Seldom Done, “Princess Ida” Gets a Fine Production in Seattle

A-OLO-Princess IdaSeldom Done, “Princess Ida” Gets a Fine Production in Seattle

I have been writing much about the Seattle Gilbert & Sullivan Society’s productions of the Gilbert and Sullivan opera. Here, I want to commend their 2007 production of the seldom-performed “Princess Ida.” With a weak libretto, dialogue in blank verse, and an uncomfortable anti-feminist approach, this work still has one of the most delightful scores in the G&S series.

Taking aim at women who, in Gilbert’s time, wanted equal rights to an advanced education, the plot concerns Prince Hilarion (Scott Rittenhouse) and his two friends Cyril (John Brookes) and Florian (Michael Giles) who break into Castle Adamant so that the Prince can claim his bride Princess Ida (Amanda Brown), while her father King Gama (Dave Ross) is held hostage by King Hildebrand (William J. Darkow), father to Hilarion. (Get it?)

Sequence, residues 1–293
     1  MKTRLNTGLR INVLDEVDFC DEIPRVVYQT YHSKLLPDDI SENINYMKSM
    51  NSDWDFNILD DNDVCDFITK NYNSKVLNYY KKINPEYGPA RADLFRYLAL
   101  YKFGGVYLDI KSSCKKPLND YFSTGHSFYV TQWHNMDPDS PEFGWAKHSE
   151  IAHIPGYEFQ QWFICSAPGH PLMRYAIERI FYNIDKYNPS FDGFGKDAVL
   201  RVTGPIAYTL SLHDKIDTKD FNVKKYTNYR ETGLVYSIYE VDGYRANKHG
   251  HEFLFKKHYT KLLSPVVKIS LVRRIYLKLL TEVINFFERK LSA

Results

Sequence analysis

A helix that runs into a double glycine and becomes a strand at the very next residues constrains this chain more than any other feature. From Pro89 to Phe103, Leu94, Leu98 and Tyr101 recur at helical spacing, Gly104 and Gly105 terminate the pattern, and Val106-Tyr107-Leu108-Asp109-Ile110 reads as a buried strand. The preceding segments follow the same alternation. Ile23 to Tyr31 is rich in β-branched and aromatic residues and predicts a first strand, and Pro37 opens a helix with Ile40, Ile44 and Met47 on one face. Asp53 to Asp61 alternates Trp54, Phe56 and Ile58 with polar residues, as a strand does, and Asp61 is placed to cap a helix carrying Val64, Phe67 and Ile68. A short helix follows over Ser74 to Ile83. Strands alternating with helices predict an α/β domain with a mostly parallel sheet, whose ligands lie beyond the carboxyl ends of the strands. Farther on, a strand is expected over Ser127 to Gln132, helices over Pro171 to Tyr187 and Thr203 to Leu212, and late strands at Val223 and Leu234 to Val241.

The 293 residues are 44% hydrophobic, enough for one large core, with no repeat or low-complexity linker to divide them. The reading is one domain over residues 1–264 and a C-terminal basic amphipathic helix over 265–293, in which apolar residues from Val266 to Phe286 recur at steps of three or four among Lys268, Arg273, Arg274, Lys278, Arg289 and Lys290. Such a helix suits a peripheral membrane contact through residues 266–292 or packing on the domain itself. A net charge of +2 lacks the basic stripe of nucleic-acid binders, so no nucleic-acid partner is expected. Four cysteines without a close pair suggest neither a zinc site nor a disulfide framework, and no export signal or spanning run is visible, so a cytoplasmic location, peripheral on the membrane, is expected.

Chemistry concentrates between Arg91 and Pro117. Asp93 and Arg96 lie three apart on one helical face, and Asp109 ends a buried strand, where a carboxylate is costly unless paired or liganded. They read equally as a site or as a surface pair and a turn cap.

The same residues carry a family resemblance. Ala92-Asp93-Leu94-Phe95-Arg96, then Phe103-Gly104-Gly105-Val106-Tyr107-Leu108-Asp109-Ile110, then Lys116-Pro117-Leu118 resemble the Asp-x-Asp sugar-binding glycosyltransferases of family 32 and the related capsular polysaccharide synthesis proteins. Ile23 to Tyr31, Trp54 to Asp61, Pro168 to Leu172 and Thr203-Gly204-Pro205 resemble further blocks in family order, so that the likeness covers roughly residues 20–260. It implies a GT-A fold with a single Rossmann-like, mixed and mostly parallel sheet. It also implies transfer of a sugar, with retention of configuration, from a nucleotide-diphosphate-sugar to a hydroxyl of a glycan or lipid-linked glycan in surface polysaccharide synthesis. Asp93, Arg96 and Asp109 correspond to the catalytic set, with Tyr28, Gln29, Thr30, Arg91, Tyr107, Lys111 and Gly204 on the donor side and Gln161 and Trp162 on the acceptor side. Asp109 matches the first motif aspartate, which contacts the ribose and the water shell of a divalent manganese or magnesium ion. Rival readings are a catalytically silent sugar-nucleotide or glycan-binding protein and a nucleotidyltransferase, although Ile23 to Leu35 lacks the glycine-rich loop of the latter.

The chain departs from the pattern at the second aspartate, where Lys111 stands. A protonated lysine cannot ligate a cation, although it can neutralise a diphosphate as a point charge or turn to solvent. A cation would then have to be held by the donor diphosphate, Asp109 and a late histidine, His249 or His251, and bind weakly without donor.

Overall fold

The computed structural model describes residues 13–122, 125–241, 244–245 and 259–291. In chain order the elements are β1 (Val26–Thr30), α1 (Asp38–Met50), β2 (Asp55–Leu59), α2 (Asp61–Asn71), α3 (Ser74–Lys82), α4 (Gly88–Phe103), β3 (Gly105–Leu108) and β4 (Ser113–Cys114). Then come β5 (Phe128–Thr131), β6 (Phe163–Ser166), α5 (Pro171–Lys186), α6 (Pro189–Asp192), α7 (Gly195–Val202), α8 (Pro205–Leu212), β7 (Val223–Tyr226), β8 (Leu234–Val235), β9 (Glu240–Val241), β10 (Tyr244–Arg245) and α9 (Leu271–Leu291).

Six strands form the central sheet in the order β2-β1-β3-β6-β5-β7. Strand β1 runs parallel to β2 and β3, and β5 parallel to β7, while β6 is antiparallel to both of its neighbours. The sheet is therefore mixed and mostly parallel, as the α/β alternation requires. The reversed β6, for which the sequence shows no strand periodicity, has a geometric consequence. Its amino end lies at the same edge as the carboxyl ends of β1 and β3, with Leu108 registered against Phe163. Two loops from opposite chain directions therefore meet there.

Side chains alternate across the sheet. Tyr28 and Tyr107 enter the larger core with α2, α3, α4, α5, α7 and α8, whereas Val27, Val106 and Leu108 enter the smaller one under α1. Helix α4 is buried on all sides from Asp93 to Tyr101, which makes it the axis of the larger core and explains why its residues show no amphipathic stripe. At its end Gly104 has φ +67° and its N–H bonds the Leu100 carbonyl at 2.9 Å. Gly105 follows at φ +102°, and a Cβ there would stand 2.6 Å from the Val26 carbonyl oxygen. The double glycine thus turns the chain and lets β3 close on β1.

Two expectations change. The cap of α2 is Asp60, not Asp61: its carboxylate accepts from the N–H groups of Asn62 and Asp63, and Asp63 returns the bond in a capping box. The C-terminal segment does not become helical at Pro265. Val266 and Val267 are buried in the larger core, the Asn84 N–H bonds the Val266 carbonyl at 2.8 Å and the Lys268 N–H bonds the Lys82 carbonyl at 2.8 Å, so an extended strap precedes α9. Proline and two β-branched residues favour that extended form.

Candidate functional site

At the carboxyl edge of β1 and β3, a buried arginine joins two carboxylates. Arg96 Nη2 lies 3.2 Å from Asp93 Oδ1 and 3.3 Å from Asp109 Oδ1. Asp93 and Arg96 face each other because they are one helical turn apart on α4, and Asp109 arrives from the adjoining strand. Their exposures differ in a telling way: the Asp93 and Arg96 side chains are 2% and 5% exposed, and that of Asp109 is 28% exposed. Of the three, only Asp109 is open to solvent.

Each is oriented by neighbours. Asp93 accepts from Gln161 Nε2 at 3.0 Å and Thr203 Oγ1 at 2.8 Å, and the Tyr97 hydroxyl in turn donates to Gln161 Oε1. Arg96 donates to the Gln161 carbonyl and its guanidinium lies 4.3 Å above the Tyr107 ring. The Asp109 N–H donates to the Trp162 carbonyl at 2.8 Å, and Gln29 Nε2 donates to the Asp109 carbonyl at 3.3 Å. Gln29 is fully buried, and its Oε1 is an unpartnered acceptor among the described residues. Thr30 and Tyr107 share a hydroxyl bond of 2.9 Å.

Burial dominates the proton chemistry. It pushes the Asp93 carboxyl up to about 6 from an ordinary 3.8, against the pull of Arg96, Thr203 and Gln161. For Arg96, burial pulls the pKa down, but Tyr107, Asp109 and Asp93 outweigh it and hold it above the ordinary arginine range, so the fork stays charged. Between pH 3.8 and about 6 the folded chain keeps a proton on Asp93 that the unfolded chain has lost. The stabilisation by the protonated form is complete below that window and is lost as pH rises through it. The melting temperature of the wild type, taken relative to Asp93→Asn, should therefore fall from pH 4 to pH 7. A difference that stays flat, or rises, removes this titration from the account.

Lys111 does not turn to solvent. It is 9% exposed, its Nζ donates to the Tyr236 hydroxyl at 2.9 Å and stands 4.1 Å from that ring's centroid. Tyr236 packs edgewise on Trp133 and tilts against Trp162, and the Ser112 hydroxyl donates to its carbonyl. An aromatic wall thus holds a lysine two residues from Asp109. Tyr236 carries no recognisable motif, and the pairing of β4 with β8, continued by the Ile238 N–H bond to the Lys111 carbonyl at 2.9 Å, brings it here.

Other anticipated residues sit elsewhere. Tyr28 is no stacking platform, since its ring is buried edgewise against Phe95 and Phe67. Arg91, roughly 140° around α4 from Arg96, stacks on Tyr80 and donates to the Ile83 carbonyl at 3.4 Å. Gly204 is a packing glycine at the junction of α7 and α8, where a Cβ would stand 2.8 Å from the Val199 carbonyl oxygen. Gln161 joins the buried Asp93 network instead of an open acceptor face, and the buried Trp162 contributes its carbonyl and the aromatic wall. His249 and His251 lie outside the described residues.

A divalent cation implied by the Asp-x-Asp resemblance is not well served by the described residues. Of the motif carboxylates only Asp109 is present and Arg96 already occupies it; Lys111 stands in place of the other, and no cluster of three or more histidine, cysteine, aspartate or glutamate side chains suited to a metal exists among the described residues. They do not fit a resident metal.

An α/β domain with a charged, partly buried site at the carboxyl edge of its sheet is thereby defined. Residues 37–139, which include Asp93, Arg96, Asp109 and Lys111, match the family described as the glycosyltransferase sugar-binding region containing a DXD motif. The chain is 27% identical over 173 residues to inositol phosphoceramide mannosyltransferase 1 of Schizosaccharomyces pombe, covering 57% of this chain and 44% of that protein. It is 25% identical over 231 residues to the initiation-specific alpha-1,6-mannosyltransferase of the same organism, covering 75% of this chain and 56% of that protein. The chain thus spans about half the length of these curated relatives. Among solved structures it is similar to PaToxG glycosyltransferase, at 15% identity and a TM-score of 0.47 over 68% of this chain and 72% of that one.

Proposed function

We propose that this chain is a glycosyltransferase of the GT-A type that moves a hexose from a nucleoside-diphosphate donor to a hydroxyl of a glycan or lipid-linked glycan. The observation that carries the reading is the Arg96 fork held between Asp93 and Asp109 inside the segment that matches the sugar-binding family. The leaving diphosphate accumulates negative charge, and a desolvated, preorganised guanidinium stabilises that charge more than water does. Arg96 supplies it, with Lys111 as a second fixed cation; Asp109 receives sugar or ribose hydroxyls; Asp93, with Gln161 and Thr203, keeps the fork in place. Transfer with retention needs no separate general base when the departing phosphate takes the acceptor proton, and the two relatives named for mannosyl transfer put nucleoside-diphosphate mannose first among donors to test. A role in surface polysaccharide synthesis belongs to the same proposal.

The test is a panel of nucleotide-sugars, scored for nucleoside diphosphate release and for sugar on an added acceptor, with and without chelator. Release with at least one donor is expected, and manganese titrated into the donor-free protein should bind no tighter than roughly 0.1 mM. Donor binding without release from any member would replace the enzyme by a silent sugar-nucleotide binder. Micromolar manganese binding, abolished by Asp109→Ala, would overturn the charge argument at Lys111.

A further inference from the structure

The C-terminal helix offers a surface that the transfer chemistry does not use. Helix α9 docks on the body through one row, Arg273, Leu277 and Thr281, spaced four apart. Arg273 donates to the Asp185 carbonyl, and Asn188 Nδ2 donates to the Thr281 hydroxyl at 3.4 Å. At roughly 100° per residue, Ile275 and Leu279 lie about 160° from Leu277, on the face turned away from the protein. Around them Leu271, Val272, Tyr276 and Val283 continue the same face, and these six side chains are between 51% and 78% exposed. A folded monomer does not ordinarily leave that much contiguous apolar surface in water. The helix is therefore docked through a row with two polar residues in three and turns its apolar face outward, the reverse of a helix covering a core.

Among the students of Adamant, all of whom are sworn to avoid males of any kind (including chessmen and roosters), are the philosophical Lady Blanche (Alyce Rogers), her daughter Melissa (Elizabeth Ford), and Florian’s sister Psyche (Cara Iverson). And let me not forget Ida’s three hulking brothers, who always appear in armor until they have to fight, at which time they strip it all off.

The songs are a joy. Gama has two patter songs, the first of which is really Gilbert’s opinion of himself; Psyche has the delightful tale of the ape who loved a lovely maiden; Ida has two operatic arias of great beauty; the three young men have two funny trios in a row; the three brothers have a wonderful parody of Handelian oratorio; and all of the ensembles are either amusing or beautiful. Lady Blanche’s only solo is among the worst Sullivan ever composed (look at the lyrics!), but I am glad it is kept for the sake of completeness.

The scenery is colorful and does a good 180-degree rotation in Act II. The costumes are as Gilbert wanted them: medieval, despite the presence of telescopes and cigars. There is some silly ad-libbing as the men change into women’s gowns, but that is the only addition to the text; and the three brothers do bump into each other a little too often. But in general, director Christine Goff shows respect for her author and composer, and conductor Bernard Kwiram gives her able support from the pit.

Copies can be ordered through the website at www.pattersong.org.

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